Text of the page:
Margo Bryerton is looking forward to retirement. She wants to take her granddaughter to Ireland, a place Bryerton always has dreamed of going.
"My family came from there," she says, "and I really expected that that would happen after I retired."
But now, Bryerton says she can't afford it, because the company where she has worked for 17 years, Verizon, has frozen its pension plan.
"I believed that I worked for a company that was solid and stable," she says, "and that by keeping my commitments to them that they would keep their commitments to me. And now I find out there never really was a commitment."
Steel companies and airlines were among the first to begin freezing pensions in order to stay afloat. But now, healthy companies are doing it -- in order to bolster their bottom line. And the message for workers is clear: It's up to them now to look after their own retirements.
Many Companies Cut Pensions
Verizon, IBM and Sears are just a few of the corporations to freeze their pensions in the past few years.
Workers still will get their pensions when they leave. But their benefits will be much less because they will no longer be based on their "final years" on the job, when salaries are usually highest.
"This spells doom for the retirement security of, particularly, older employees," says John Hotz, deputy director of the Pension Rights Center, a consumer rights organization.
According to a new study by Hewitt Associates, a human resources consulting firm, 21 percent of the nation's companies plan to freeze their pensions at current levels, and 17 percent will eliminate them altogether for new workers, saving billions of dollars in benefits.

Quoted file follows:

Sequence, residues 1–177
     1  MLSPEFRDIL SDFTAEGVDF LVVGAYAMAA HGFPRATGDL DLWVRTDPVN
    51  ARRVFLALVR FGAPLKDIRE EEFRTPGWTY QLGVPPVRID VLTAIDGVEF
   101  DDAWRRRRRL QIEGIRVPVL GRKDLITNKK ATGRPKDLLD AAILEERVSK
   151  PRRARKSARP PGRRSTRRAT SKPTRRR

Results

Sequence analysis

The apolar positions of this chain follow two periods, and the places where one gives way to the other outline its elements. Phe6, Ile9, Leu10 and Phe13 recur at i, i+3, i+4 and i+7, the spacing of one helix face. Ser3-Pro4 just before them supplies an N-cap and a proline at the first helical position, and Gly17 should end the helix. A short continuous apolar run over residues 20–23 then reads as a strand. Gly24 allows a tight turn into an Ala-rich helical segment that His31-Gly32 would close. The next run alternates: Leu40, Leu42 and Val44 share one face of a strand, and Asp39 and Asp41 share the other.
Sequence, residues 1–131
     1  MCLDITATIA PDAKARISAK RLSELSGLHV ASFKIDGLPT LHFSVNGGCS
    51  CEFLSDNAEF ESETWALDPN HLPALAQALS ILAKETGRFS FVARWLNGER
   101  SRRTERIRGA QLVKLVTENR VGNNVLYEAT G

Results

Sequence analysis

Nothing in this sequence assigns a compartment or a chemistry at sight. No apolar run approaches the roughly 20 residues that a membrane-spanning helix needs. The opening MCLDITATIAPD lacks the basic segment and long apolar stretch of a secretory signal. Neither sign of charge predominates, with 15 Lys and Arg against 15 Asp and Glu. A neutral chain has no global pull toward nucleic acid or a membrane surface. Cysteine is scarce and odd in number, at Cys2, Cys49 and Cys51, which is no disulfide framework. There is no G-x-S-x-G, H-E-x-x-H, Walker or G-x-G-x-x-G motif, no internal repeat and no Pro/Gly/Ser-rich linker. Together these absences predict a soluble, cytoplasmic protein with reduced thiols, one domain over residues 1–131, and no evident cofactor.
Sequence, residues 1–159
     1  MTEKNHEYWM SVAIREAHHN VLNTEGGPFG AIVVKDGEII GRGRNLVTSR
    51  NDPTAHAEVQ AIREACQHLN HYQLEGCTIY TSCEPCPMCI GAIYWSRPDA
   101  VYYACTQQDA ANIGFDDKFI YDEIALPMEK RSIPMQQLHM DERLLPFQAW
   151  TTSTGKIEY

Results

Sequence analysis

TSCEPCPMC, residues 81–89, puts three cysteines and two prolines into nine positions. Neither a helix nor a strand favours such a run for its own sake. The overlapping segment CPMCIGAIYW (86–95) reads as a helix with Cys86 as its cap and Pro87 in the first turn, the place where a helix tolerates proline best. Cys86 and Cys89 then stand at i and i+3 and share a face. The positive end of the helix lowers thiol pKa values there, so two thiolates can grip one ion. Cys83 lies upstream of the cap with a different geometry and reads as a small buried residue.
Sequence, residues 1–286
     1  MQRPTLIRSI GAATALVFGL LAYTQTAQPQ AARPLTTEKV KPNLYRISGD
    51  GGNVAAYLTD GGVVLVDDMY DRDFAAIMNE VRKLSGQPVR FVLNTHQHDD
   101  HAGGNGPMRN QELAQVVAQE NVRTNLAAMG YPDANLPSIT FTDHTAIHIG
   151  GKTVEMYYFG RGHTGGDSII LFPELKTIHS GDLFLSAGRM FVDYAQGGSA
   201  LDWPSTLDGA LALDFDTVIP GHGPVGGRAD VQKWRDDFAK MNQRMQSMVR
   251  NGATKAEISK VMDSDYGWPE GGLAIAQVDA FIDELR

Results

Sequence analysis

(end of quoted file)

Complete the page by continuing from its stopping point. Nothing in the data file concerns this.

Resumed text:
Bryerton's company, Verizon, says it is just trying to stay competitive. In a statement to ABC News, the company says it is "restructuring benefits in line with the way our industry has changed."
Verizon has increased contributions to its employee 401(k) plans. But Hotz says that's not enough.
"A 401(k) plan isn't going to get a vast majority of people to the retirement goals they need to be at," Hotz says.
What Workers Can Do
Financial advisers suggest workers facing pension problems:
put as much into their 401(k) plans as possible,
set aside additional savings in an IRA,
open a heath savings account to cover medical expenses,
and consider working more years.
That's what Bryerton says she's going to have to do. She is also taking up a second job and planning on selling her home.
"I'm afraid that the things that I had dreamed about, the things that I had hoped for, the things that I taught my children, are gone," she said.
Millions of Americans may end up facing the same dilemma as Bryerton. Those most at risk are the salaried employees at the companies cutting pensions -- especially those in their 40s and 50s.
ABC News' Gigi Stone originally reported this story Feb. 18, 2006, for "World News Tonight."